THIS wasn't love or "friends with benefits." It was somewhere in between the two, minus anything remotely resembling love or, for that matter, friendship. We were, to use a term I've always found creepy, lovers.
He was a fan of "social networking" websites such as Friendster and My Space. He had, in fact, originally asked me out through Friendster -- though only because an e-mail he sent to my regular address never arrived (a sure sign that the universe had at least made an attempt to protect me).
The entire time we were dating, he seemed to log onto Friendster nearly every day to add photos or captions or new favorite songs -- something I swear I wouldn't have noticed if Friendster didn't regularly send out cheerful e-mails announcing such developments. Bulletin: Death Cab for Cutie now makes his favorite music section. His constant attention to his Web profiles put me in the tenuous position of being able to take his emotional temperature in the third person -- a weirdly "outside" inside view of the relationship.
This hit home on the day, some time between when we met and started sleeping together, that he altered his answer to "Who I Want to Meet." He expressed desire for attributes I did not possess -- a pretty singing voice, good taste in wine. Finding out that he longed for a cyber girl with skills one might find on an average resume was quite a blow. And not terribly subtle.
The next guy I went out with mentioned the MySpace Top 8 (if you don't know what that is, I sincerely congratulate you on having a life) on our first date; by the second, he'd moved me onto his. When, on our third date, he asked me when we should change our respective status to "in a relationship," I told him it was too soon, but the next time I logged onto MySpace, I saw that he had made the move. Simultaneously flattered and pressured, I upgraded my own box within days.
Unfortunately, our Internet claims turned out to be premature, and I found myself breaking things off with my MySpace relationship partner within weeks of having announced it to the 76,509,622 people in my network. Then I was faced with an undeniably modern dilemma: What was the appropriate amount of time to wait before proclaiming myself single again?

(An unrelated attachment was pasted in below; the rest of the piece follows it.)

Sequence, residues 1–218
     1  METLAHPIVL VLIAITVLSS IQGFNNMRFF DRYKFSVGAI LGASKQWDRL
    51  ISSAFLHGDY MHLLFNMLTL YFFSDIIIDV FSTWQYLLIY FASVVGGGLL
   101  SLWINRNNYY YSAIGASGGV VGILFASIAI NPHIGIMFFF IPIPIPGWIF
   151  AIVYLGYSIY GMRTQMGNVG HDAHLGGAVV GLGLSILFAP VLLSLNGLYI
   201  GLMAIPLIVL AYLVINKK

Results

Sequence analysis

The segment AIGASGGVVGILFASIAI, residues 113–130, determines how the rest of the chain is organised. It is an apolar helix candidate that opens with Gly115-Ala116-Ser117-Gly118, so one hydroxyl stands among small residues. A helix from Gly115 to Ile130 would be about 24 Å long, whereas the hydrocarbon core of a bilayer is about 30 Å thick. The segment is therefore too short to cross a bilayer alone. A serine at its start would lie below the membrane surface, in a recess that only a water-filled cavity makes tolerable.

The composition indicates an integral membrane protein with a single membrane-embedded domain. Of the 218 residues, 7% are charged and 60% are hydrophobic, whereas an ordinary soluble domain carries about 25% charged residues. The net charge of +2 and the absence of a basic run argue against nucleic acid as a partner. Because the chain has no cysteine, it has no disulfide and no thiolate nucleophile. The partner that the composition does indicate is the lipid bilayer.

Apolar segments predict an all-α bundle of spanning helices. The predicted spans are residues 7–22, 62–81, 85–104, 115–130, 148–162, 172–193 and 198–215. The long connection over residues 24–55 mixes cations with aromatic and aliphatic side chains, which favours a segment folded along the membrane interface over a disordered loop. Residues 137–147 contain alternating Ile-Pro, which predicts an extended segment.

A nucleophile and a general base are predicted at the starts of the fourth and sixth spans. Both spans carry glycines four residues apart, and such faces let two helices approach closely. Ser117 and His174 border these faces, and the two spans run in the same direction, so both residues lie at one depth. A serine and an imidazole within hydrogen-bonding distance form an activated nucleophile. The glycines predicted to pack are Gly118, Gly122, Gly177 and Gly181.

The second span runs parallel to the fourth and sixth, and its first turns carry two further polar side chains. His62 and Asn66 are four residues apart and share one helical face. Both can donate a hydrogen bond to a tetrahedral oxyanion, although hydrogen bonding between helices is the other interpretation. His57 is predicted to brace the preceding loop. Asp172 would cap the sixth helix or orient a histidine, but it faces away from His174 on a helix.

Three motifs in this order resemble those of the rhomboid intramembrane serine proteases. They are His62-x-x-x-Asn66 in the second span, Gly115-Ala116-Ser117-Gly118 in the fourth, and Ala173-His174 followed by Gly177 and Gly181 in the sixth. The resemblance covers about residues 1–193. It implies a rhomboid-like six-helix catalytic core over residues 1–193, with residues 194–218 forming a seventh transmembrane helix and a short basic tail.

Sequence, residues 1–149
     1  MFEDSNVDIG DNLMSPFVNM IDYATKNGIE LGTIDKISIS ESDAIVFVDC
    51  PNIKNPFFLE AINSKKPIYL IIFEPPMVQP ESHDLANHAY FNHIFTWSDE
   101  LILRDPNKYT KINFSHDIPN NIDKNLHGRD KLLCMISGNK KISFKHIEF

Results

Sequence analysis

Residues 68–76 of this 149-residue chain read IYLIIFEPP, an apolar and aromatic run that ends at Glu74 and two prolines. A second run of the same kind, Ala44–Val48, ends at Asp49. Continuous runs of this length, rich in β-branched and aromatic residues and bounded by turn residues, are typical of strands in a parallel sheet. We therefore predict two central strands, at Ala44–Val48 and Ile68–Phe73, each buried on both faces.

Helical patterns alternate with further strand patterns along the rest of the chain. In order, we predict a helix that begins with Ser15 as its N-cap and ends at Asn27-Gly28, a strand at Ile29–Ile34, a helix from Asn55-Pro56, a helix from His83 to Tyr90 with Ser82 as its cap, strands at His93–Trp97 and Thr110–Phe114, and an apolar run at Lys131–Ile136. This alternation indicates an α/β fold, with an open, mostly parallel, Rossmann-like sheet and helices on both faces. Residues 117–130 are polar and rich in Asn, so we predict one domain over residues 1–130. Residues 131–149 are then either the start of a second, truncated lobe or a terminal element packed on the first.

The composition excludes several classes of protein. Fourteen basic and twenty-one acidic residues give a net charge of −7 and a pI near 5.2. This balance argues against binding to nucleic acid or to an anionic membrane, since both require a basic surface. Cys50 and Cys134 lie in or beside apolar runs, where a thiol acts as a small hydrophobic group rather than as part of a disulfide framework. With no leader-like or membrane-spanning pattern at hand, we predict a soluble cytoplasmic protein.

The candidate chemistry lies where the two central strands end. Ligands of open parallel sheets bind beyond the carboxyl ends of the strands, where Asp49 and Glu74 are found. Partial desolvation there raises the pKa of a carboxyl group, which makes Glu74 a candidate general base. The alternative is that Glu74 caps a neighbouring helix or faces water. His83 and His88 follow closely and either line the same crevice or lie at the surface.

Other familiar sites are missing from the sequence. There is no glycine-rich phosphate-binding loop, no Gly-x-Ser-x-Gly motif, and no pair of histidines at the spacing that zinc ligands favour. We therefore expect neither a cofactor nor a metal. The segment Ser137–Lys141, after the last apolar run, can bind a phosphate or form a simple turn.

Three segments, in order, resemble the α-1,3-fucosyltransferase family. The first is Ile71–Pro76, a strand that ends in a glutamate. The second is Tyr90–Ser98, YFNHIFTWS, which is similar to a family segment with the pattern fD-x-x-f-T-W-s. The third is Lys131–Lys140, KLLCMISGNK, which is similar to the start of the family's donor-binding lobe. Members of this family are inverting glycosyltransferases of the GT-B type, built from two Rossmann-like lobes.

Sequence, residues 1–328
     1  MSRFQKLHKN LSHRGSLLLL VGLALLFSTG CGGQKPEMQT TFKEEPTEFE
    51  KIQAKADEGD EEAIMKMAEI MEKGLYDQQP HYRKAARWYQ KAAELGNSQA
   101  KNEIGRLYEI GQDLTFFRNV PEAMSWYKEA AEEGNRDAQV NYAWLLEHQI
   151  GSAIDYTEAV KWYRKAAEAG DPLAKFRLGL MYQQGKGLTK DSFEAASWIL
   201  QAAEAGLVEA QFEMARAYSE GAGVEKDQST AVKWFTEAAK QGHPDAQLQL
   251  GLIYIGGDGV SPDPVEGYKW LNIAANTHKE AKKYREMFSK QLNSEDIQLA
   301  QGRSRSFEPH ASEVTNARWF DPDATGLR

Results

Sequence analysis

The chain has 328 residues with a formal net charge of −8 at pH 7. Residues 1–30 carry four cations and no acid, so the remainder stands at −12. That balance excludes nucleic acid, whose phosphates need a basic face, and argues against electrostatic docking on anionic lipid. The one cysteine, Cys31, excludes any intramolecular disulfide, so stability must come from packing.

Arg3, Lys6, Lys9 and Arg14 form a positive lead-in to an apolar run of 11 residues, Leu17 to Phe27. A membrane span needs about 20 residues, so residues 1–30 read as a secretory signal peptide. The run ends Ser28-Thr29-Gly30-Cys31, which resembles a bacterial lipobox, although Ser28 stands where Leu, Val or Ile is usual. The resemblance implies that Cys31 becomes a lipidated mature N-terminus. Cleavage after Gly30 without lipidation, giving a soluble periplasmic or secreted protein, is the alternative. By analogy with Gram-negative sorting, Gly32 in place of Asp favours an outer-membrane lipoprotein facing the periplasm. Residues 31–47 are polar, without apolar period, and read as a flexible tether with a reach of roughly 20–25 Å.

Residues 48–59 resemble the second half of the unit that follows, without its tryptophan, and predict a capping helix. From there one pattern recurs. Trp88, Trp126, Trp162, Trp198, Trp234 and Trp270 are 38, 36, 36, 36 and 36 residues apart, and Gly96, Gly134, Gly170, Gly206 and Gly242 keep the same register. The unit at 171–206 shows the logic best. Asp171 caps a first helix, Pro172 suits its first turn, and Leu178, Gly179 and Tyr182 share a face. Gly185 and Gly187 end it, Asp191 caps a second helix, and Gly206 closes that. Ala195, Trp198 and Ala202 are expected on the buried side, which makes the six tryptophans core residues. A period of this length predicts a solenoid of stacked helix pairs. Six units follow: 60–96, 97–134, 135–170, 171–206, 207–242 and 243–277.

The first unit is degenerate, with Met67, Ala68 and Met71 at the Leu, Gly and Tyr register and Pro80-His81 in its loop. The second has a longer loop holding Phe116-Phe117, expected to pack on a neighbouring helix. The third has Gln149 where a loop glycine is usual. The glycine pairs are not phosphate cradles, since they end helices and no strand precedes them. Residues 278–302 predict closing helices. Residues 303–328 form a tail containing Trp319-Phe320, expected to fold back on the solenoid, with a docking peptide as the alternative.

It seems like you can't turn on the television without seeing an eHarmony commercial featuring two made-for-each-other looking people clutching one another giddily, or go to a dinner party without hearing about some friend of a friend who met the greatest guy or girl on Friendster or MySpace or Nerve or JDate or fillintheblank. com. But my experiences led me to wonder if this revolutionary social tool is actually making the dating process even crueler than it already is.
Did I really need to know that the guy I was seeing was out advertising for my replacement while continuing to sleep with me? Did the one who'd been so ready to claim me in his inner circle of eight (and then his inner circle of two) really need to see how quickly I could expunge him from my cyber world?
That's not even taking into consideration all our exes, who are surely sprouting up on those websites by the nanosecond. Must we experience the horror of seeing who's happily in another relationship -- complete with photo of said happy couple -- or even worse, married?
I'm probably not a good person to ask. After all, I waited only 24 hours before declaring myself single again, figuring that while I was making My Space my own again, I might as well demote him from my Top 8.
I can only hope that the next guy I meet is a Luddite.
Anna David can be reached at firstname.lastname@example.org.